EROSION ADDS UP
Looking at soil erosion and runoff storm-by-storm paints a troubling picture of the health of Iowa’s soil, watersheds and waterways. The picture becomes even more disturbing when one studies the situation over a number of years (Figure 10). Agricultural land that escapes damaging erosion one year may well suffer badly the next. Over time, the amount of land that has managed to escape damaging storms gets smaller and smaller. Moreover, many townships appear at risk of severe erosion year after year. Agricultural land in 258 townships (5.9 million acres) likely suffered erosion of five tons per acre in four of the nine years from 2002 to 2010. Agricultural land in 27 townships (622,000 acres) suffered that rate of erosion in seven of those years.
Figure 10: Most Iowa farmland suffered damaging soil erosion between 2002 and 2010.
Total average erosion — summed over the nine years 2002 to 2010 — exceeded 20 tons per acre on agricultural land in 730 townships (16.8 million acres). Total average erosion exceeded 50 tons per acre in 257 townships (5.9 million acres) and 100 tons per acre in 61 townships (1.4 million acres). Average erosion of this magnitude means that highly vulnerable and poorly protected land must have suffered serious damage, perhaps on more than one occasion, over the nine years.
I’ve always anguished over a half-full glass. One day, as I drive across our state, the land looks good; the next day all I see are imperfections. I honestly think we’re doing better today than we did when I started farming 35 years ago. The Upper Iowa River is running clearer, gullies are smaller, and the soil has more crop residue left on it at the end of the year. Most farmers don’t plow as close to their streams as they once did, and it’s not unusual to see well-positioned vegetative strips on contoured hillsides. Some farmers clearly know how to farm well and have the tools to do so.
But the age-old problem of poor farming persists. Drive down any back road in Iowa today and chances are good that within a few miles you’ll see some of the finest conservation and then some of the worst.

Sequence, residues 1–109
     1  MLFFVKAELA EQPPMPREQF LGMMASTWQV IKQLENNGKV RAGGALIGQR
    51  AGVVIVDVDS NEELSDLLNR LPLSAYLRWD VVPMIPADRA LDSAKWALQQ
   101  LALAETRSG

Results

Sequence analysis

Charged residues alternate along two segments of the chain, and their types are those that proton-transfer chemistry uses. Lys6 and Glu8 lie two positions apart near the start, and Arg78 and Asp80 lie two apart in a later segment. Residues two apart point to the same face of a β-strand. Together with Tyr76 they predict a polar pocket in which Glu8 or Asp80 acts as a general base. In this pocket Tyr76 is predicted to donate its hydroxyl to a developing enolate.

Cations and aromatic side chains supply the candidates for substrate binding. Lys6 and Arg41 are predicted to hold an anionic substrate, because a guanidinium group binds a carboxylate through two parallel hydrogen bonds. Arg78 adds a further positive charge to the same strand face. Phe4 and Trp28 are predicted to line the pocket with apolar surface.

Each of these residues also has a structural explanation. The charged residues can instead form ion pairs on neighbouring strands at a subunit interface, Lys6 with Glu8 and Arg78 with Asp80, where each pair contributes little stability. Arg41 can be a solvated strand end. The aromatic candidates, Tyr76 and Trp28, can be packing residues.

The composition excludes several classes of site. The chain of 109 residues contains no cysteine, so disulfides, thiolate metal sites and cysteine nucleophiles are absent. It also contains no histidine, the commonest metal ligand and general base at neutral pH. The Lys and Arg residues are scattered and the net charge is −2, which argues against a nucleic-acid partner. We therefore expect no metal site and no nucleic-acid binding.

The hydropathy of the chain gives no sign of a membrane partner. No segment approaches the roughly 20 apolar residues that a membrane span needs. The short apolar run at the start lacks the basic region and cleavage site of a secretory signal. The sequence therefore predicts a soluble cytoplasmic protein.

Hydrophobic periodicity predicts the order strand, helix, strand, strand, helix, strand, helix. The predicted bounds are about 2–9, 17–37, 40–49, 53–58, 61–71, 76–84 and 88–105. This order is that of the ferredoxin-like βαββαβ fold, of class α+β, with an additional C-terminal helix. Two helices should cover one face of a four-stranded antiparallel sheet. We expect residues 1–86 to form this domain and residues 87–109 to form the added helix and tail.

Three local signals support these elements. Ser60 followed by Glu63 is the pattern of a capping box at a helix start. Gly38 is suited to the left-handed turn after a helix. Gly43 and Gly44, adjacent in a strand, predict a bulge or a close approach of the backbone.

With the intense rainstorms that have hit our state over the last couple of years, I’m convinced that we’re getting more careless, assuming always that we’ll have an average or better than average spring. Then, wham! We’re hit with a gully-washer, and we all wring our hands and say it was nature’s fault, not ours. In other words, we are conservation planning for averages, not extremes. But nature doesn’t seem to work that way. We need to rethink and upgrade our standards.
In recent years, on large sloping fields, we’re seeing more and more black stripes where there should be grassed waterways. Those stripes represent plowed-in gullies. Because we’re usually more concerned about sheet and rill erosion, “waterway gullies” are often seen as a normal cost of doing business.
One of the saddest sights I’ve seen was during springtime in southeastern Iowa a couple years ago. Field after field had dozers working up and down hills to fill in the deep gullies formed by the unusually hard spring rains. Last year, I drove through the same area and saw precious few well-constructed waterways. It’s as if the farmers have decided that their one-in-a-hundred-year flood was past and they don’t have to worry for another 99 years.
Frankly, I don’t think our soil erosion problems need to be what they are. Many farmers do well but are not praised for it. On the other hand, the careless ones and those who might be termed outright vandals no longer even get their knuckles rapped. Voluntary conservation works well, but only if it’s proactive. Our compliance laws can still work, too, but they need to be universal—applied to all cropland—and enforced.
Paul W. Johnson, Farmer and Former Chief,
U.S. Department of Agriculture,
Natural Resources Conservation Service,